It’s snowing here on the east coast and I couldn’t think of anything better for this Tuesday. Basically, I thought the snow scene in this video was dope back in the day. It also helps that this is the lead single off of iLLmatic. Nothing more to be said. This week’s Re-Release is Nas’s “It Ain’t Hard To Tell“.
“Often cited as one of the best hip-hop albums of the ’90s, Illmatic is the undisputed classic upon which Nas’ reputation rests. It helped spearhead the artistic renaissance of New York hip-hop in the post-Chronic era, leading a return to street aesthetics. Yet even if Illmatic marks the beginning of a shift away from Native Tongues-inspired alternative rap, it’s strongly rooted in that sensibility. For one, Nas employs some of the most sophisticated jazz-rap producers around: Q-Tip, Pete Rock, DJ Premier, and Large Professor, who underpin their intricate loops with appropriately tough beats… ” – Allmusic.com
Man, listen. Shaolin was rocking around this time. NYC (and maybe the rest of the world) couldn’t get enough. When I first heard this track I was beyond amped. The beat was hot, his flow was on point. I was so hyped that I bought the album…insert MISTAKE here. Sh*t was trash. Sorry. This track though? Dope! Kind of silly now that you listen to the lyrics. Lol! Nevertheless, this was hot for it’s time. This week’s Re-Release is King Just’s “Warrior’s Drum“.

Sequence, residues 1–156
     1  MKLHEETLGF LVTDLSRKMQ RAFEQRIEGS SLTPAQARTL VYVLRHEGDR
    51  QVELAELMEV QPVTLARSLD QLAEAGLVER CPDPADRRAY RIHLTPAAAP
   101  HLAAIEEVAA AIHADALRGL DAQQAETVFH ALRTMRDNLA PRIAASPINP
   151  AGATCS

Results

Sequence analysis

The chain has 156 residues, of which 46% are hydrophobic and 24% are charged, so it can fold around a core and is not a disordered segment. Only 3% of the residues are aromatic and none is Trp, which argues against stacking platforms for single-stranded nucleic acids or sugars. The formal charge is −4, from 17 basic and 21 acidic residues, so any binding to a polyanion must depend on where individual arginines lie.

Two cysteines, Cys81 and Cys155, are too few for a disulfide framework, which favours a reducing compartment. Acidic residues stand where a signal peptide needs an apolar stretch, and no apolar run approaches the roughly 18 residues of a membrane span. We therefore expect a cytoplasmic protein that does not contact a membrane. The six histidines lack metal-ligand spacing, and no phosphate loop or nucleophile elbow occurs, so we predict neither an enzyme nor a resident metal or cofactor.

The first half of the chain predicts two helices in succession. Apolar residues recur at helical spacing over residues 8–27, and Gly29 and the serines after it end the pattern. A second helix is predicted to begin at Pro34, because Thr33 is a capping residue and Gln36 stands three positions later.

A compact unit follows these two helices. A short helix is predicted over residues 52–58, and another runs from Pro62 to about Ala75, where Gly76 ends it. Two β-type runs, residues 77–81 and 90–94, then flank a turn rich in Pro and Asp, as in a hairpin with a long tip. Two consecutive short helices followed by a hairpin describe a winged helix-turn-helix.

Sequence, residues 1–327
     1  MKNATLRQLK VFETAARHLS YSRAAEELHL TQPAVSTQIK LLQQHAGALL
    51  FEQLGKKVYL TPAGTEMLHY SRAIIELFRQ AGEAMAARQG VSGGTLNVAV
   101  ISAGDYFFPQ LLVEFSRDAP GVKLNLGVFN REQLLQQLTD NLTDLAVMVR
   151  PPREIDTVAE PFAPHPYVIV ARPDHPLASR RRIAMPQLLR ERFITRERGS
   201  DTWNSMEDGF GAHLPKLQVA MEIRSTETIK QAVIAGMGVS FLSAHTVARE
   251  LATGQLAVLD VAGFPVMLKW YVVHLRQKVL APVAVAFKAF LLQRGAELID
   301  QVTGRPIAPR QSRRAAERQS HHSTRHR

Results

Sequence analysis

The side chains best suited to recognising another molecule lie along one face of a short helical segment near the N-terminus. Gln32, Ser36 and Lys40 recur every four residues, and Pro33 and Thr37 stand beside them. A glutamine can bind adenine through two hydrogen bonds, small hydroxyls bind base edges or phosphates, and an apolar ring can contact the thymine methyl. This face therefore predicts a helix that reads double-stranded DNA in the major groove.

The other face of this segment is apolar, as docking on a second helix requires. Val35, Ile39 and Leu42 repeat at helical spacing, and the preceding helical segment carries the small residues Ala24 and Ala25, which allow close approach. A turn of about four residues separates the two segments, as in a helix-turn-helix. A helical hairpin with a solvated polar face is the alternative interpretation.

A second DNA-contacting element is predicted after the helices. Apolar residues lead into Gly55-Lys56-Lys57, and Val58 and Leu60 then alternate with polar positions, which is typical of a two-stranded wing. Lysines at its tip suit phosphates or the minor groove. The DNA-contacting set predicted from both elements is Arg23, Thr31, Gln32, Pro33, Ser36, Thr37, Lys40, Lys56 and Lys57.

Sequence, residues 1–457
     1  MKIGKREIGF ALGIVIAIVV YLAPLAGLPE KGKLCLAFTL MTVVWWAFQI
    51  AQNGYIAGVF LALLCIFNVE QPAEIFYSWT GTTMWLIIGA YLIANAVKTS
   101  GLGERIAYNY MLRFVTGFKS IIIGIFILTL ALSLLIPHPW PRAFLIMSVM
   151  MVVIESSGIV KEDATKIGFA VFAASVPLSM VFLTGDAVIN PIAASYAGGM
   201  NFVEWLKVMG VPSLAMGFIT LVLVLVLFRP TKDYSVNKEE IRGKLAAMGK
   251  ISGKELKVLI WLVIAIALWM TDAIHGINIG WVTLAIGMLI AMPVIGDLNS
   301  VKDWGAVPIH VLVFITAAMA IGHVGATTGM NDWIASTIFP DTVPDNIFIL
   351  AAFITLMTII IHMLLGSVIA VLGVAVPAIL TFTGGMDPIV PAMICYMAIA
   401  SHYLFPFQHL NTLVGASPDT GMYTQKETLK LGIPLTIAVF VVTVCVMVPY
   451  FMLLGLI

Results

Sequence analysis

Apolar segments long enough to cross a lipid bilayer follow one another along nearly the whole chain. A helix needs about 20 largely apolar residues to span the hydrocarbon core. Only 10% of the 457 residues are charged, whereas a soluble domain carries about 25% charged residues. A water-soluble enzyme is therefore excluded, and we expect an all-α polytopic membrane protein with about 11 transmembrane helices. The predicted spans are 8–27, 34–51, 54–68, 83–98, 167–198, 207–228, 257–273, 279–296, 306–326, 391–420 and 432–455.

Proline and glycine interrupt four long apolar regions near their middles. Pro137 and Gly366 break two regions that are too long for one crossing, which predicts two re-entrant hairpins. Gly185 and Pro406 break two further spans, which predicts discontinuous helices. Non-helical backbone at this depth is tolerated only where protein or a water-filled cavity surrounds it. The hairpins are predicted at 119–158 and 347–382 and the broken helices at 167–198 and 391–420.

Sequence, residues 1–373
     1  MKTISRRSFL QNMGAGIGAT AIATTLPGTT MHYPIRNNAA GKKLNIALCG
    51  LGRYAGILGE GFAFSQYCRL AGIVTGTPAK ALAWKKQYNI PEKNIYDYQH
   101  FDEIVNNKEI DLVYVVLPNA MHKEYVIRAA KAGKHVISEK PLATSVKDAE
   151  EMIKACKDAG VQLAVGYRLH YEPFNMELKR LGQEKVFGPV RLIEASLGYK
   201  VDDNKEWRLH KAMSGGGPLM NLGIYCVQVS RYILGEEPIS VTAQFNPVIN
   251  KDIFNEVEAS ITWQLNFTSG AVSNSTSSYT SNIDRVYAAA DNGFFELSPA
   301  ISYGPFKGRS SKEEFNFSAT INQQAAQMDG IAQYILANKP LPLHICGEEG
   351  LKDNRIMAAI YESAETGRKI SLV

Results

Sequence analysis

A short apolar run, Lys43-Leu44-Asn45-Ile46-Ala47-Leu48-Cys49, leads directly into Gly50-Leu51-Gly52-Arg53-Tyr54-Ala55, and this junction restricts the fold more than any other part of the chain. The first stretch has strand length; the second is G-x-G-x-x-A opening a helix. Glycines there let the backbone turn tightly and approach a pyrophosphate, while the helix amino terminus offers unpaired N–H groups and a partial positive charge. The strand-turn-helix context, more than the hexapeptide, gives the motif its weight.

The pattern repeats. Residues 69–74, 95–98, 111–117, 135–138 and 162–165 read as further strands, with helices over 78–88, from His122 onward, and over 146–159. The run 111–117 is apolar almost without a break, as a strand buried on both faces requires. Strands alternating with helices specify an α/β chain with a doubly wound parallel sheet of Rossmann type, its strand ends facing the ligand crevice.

“Another of the new crop of Staten Island (aka Shaolin), New York, USA, rappers, whose appropriation of the ‘Shaolin’ martial arts ethos saw him compared to neighbours the Wu-Tang Clan. He made his debut with the ‘Warrior’s Drum’ 12-inch, which became a huge underground hit in 1994. Backed by his crew/gang, Blackfist (also the title of his label, operated through Select), it was competent hardcore but seemed somewhat unoriginal in the context.” – Allmusic.com